In response to the TNO research, Nedap has reduced the delay times of its card readers even further, without having to make concessions to user-friendliness
By applying stricter delay times in all of its card readers, Nedap significantly reduces chances of possible relay attacks

NFC-enabled credit cards have received much attention because of their vulnerability to relay attacks. Widely used NXP DESFire EV1 cards use the same technology, and are vulnerable to relay attacks, which raised concern in the access control market. A relay attack fraudulently extends the distance between smart card and card reader enabling, for example, unauthorised access to buildings. Research carried out by the Dutch knowledge institute TNO has proved that Nedap’s security platform AEOS maximises resistance to relay attacks.

Applied stricter delay times

It has been known for some time that so-called proximity communication - as described in the ISO/IEC 14443 protocol - is vulnerable to relay attacks. It only requires two smartphones with built-in NFC technology to extend the distance between card and reader without restrictions. Extending this communication distance, however, creates a delay. By applying much stricter delay times in all of its card readers than is prescribed by the ISO/IEC 14443 protocol, Nedap significantly reduces the chances of possible relay attacks.

As in 2009, when Nedap was the first manufacturer to respond to the possible security risks of the Mifare Classic chip, Nedap has moved quickly to give its clients the best protection. In response to the TNO research, Nedap has reduced the delay times of its card readers even further, without having to make concessions to user-friendliness. Because AEOS can provide card readers with new firmware remotely, clients can now get better protection against relay attacks at the press of a button.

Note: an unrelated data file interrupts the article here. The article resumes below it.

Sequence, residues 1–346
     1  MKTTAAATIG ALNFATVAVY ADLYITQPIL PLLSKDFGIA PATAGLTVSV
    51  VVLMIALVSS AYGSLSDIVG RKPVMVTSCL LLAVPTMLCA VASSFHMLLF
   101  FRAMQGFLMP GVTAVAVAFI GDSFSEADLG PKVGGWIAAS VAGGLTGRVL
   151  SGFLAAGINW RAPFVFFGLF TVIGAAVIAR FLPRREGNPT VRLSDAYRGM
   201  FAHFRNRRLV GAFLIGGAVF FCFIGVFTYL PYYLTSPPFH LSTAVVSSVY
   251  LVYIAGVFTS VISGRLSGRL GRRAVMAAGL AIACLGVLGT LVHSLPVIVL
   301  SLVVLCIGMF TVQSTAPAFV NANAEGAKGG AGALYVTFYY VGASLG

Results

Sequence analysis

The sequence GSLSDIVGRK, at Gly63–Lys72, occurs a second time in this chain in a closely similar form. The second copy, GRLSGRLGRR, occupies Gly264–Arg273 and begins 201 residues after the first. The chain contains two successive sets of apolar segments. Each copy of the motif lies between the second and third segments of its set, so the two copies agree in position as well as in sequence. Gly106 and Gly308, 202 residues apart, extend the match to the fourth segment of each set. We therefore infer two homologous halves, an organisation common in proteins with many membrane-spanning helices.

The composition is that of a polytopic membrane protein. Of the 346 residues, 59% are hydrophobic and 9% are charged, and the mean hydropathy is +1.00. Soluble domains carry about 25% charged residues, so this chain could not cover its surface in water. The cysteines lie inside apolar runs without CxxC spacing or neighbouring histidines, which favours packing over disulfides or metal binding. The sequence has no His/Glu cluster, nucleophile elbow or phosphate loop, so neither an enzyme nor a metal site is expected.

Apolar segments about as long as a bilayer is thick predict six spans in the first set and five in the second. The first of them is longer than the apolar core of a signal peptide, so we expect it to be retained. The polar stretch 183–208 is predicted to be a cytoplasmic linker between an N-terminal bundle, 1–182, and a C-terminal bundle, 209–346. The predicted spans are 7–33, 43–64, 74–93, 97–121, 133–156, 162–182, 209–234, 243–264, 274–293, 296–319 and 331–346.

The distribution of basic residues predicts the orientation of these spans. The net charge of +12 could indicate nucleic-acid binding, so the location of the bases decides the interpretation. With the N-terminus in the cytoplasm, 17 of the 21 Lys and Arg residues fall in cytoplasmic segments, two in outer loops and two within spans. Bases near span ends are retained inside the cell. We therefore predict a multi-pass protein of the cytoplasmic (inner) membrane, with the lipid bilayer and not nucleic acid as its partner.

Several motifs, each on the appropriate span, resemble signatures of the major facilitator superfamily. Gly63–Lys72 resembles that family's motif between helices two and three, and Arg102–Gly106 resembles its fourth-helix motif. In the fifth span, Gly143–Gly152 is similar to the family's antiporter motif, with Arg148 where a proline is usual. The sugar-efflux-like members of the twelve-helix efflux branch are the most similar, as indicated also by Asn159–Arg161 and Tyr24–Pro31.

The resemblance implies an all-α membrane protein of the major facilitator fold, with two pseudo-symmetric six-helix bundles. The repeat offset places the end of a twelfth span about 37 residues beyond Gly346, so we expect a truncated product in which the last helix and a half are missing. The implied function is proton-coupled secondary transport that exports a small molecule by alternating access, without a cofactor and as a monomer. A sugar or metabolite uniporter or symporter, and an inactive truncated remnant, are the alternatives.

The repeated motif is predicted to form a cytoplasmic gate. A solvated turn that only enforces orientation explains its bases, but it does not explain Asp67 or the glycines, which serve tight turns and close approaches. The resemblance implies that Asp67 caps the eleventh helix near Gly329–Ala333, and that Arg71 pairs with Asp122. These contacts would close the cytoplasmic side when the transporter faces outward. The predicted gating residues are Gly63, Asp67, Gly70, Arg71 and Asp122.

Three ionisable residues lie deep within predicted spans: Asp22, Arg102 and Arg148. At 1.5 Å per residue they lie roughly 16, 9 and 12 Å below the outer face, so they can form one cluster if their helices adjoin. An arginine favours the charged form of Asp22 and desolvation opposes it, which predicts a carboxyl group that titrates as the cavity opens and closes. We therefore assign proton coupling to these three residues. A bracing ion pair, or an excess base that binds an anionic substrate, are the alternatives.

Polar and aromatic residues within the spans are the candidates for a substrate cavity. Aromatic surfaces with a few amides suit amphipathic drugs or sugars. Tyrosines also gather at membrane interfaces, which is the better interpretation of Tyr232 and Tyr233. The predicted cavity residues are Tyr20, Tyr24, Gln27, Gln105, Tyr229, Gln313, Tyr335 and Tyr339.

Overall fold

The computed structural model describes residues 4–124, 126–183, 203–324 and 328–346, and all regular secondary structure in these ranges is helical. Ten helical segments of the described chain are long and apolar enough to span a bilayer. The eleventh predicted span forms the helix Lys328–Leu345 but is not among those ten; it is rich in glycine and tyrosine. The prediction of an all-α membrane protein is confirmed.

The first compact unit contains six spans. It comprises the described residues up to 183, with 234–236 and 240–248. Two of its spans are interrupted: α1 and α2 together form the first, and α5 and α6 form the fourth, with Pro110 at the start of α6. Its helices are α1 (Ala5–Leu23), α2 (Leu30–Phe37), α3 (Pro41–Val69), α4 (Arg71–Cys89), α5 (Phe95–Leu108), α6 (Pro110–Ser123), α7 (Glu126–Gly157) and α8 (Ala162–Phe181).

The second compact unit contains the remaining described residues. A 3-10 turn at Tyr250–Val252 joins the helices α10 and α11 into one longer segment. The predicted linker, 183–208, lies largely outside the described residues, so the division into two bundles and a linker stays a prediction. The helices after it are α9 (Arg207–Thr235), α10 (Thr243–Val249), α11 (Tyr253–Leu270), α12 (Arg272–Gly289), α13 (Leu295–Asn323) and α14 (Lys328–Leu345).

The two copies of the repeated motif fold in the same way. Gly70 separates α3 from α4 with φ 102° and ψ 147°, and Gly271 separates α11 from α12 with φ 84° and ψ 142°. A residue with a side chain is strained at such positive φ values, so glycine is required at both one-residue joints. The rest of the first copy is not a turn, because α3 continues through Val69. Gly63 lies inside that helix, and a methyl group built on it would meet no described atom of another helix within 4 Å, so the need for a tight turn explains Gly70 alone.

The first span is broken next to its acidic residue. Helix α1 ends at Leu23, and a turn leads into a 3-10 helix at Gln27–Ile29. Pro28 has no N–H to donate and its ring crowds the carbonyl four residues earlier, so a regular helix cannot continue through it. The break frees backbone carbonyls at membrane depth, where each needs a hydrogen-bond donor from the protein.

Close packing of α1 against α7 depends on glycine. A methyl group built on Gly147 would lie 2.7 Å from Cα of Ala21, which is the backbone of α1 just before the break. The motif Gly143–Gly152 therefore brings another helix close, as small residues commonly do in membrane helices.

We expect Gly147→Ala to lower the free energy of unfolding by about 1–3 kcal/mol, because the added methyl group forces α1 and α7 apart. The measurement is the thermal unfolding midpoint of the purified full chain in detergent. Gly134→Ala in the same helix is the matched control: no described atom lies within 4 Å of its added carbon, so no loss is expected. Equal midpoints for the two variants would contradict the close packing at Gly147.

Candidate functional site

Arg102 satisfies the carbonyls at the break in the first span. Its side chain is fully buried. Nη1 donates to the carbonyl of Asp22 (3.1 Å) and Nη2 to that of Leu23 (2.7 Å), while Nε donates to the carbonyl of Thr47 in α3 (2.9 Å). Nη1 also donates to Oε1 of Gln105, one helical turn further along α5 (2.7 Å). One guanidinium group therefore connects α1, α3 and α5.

Proximity check

To prevent the chance of relay attacks, NXP applies a check between card and reader in its Mifare Plus X technology to determine whether the card is actually in the proximity of the reader. The successor of the much-used DESFire EV1-chip, the DESFire EV2-chip, is also expected to have this built-in proximity check. Until this card is launched, however, it is the responsibility of users to map out the security risks together with their suppliers. Manufacturers therefore face the task of developing solutions to minimise the risks.

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